An Egg for Shabbat

Mirik Snir, Eley­or Snir (Illus­tra­tor)

  • Review
By – May 10, 2021

The end­pa­pers of An Egg for Shab­bat fea­ture chick­ens, each one wear­ing a dif­fer­ent col­ored triple-tiered scarf. There are also kit­tens in dif­fer­ent pos­es and an assort­ment of eggs inter­spersed among the ani­mals. Mirik Snir and Eley­or Snir, a moth­er and daugh­ter team, have cre­at­ed a book about prepar­ing for Shab­bat that also teach­es about cause and effect, the pass­ing of time, and the week’s reas­sur­ing cycle of events. Using a com­ic strip for­mat and rhyming text, this clever pic­ture book address­es the age-old ques­tion of which came first, the chick­en or the egg, with a unique­ly Jew­ish spin.

Each sec­tion of the book con­cep­tu­al­izes one day of the week with a num­ber of chick­ens cor­re­spond­ing to that day’s order. Sun­day begins with one bird and one request by Ben’s moth­er to bring her an egg from the ani­mal pen. Pic­tures in blue and gray alter­nate with bright­ly col­ored scenes as cap­tions and word bub­bles tell the sto­ry. At first, Ben exper­i­ments with how to safe­ly trans­port the egg. Lat­er, he learns that, even with the most reli­able method, acci­dents can hap­pen. Legit­i­mate curios­i­ty about what is inside the egg also leads to prob­lems. Ben wor­ries about the pos­si­bil­i­ty of dis­ap­point­ing his moth­er but she patient­ly repeats that he learned a les­son, and that’s fine.” By the end of the week, Ben has syn­the­sized a num­ber of dif­fer­ent lessons which are del­i­cate­ly illus­trat­ed in a minia­ture list includ­ing: I will not toss eggs in the air, No eggs on head, I wouldn’t dare.”

The spe­cial bond between moth­er and child shines in every pic­ture. Ben’s moth­er wears a dark red and white striped tunic, which match­es Ben’s red boots. In anoth­er scene, Ben sits among the chick­ens, lov­ing­ly hold­ing one up to his cheek as he asks him­self, What have I learned so far this week?” His ques­tion echoes his mother’s state­ments about the val­ue of learn­ing from mistakes.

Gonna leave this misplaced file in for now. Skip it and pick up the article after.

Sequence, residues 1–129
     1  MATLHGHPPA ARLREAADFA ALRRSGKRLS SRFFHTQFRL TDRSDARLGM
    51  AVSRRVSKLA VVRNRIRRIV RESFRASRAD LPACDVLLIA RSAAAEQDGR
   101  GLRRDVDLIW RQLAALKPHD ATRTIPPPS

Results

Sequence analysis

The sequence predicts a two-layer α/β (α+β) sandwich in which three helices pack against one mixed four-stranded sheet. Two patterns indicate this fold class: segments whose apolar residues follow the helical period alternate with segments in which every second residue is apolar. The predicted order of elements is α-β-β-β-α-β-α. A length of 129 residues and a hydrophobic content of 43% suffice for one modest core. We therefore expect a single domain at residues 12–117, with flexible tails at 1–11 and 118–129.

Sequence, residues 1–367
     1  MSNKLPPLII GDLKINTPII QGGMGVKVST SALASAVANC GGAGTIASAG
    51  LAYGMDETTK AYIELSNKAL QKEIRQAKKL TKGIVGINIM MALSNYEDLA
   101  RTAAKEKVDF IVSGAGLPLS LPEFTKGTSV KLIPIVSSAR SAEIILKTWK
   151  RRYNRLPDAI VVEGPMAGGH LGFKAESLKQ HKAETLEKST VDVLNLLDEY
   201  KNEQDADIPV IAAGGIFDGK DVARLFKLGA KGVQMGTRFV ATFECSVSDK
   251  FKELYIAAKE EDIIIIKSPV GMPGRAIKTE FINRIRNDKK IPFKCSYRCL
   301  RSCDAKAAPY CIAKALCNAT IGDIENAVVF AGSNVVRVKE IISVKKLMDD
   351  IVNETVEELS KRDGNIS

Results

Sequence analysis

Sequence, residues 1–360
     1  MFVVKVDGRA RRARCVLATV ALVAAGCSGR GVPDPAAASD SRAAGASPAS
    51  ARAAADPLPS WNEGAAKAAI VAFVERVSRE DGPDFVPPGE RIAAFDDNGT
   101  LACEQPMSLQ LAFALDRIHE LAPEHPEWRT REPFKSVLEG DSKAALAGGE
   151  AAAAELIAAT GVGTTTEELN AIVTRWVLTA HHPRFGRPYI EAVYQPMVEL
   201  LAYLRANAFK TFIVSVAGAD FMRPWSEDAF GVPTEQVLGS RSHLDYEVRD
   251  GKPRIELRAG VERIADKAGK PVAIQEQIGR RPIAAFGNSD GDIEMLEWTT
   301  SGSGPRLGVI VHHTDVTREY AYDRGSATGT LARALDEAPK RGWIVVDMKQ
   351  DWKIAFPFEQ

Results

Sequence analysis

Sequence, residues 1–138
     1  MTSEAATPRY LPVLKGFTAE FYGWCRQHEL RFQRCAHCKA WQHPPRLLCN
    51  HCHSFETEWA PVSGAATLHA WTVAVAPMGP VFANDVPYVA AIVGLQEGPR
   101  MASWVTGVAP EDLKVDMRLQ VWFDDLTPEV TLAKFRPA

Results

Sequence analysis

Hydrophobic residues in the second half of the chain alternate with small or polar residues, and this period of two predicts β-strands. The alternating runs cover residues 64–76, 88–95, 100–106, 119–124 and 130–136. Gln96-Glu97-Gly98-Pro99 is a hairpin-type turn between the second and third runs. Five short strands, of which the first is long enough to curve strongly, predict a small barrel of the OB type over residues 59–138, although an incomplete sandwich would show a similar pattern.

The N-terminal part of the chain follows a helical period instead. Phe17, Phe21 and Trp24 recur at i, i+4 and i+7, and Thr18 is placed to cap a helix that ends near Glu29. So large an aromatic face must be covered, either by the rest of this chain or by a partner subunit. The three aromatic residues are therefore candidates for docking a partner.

At week’s end, Ben’s moth­er brings out the chal­lah she has baked and asks him to com­plete it by glaz­ing the loaf with eggs; the pur­pose of the week’s events becomes clear to both Ben and to young read­ers. The cel­e­bra­tion of Shab­bat is real­is­ti­cal­ly divid­ed into two pic­tures. The first is a Shab­bat evening table where only Ben and his moth­er are seat­ed, accen­tu­at­ing their close­ness. There are glow­ing can­dles, a sim­ple wine bot­tle and glass, and a col­or­ful bou­quet in a blue-and-white vase mim­ic­k­ing Delft pot­tery. The back­ground of yel­low flow­ers and tiny six-point­ed stars is under­stat­ed. The day of Shab­bat has a more styl­ized rep­re­sen­ta­tion of rest, with moth­er and son lying qui­et­ly against a black and white background.

When Sun­day returns, Ben’s moth­er calls him again. This time, a parade of chick­ens is pre­ced­ed by the prover­bial egg, reaf­firm­ing that Ben’s impor­tant errand to retrieve the egg is real­ly the begin­ning of the Jew­ish week, which will even­tu­al­ly cul­mi­nate in a day of cel­e­bra­tion and rest.

Emi­ly Schnei­der writes about lit­er­a­ture, fem­i­nism, and cul­ture for TabletThe For­wardThe Horn Book, and oth­er pub­li­ca­tions, and writes about chil­dren’s books on her blog. She has a Ph.D. in Romance Lan­guages and Literatures.

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